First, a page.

Latino Bloggers Rush Hollywood by the 100s for 'Hispanicize' Social-Media Conference
The Renaissance in Hollywood is calling all Latinos
Even more Latinos than usual will take to the streets of Los Angeles next week -- and not due to a breach in border security. (Ah, but we kid! We're the No. 1 Latino lovers around. Just ask the Weekly's dependably racist comment mob.)
Nope. This is some cross-media, next-level Latino shit. Seeing as they're are the fastest-growing group in the country, their online domain is likewise a wildfire waiting to happen: Enter the Hispanize PR & Social Media Conference, moving from Dallas to L.A. for its second annual shindig from Wednesday, April 6 through Friday, April 8.
Everyone who's anyone in Mexi media will be there:
Hispanicize founder Manni Ruiz, who moonlights as digital family man PapiBlogger, calls the conference "the ultimate corporate bootcamp of social media."
Basically, of 300 to 500 expected attendees, there will be a bunch of bloggers and Facebook/Twitter heads being sweet-talked by marketers. And even a comedian present (the oh-so-Latino Rick Najera) to make fun of the whole dynamic, which Ruiz calls "weird PR people trying to pitch stories." Sweet.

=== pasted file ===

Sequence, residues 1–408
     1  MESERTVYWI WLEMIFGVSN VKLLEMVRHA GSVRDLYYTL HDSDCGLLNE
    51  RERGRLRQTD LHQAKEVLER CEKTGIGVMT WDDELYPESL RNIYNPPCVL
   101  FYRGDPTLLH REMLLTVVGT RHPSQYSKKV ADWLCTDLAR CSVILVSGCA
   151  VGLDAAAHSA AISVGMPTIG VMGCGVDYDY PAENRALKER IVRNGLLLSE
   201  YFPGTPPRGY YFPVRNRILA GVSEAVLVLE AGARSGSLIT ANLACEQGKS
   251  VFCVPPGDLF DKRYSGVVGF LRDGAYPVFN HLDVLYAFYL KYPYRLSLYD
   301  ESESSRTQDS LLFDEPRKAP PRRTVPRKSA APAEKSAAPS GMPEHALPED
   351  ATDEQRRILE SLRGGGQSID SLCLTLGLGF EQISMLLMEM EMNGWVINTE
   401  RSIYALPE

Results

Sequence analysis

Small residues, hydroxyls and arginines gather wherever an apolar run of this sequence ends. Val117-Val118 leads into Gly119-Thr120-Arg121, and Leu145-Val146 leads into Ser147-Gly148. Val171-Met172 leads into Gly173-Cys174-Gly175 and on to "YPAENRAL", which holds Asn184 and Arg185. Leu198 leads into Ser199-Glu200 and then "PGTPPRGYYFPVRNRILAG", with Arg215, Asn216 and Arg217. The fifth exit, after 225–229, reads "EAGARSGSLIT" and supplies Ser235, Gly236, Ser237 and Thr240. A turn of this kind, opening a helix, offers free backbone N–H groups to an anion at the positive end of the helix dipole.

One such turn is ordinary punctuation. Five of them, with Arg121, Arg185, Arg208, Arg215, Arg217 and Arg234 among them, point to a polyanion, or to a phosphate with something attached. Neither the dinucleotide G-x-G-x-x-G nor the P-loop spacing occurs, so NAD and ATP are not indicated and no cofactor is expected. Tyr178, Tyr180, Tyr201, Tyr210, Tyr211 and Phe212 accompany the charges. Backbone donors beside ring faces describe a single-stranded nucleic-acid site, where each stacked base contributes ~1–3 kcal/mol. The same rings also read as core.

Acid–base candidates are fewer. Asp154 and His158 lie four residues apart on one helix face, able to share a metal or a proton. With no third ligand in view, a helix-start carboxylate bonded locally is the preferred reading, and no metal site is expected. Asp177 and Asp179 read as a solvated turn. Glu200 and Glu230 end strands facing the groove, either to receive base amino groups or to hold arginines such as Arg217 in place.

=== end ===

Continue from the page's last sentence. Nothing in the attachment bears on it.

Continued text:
All theorizing and schmoozing will go down at the Renaissance Hollywood Hotel & Spa. Bloggers get a discounted three-day rate of $425, for obvious reasons.
Ruiz says to think of the event as "a mini SXSW, where you have a bunch of conferences at once." How very rock 'n' roll, no? It comes with the downsides of a giant music fest, too, with 36 overlapping sessions to choose from.
Among the coolest-looking lectures:
- The U.S. Census count: The amazing marketing story behind it and what the results reveal about Hispanics
- Speed dating: Latina and Latino bloggers meet the brands and agencies
- Hispanic digital personas come to life
- Mami blogging 3.0: The power of influence
- Marketing to gaytinos: Understanding the U.S. LGBT Latino consumer
- IBlog 2: Hispanic tech bloggers
And the best news we've heard all week: "You could be a Latino blogger, too," says Ruiz. "A gringo Latino."
OK, that's it -- we're in.
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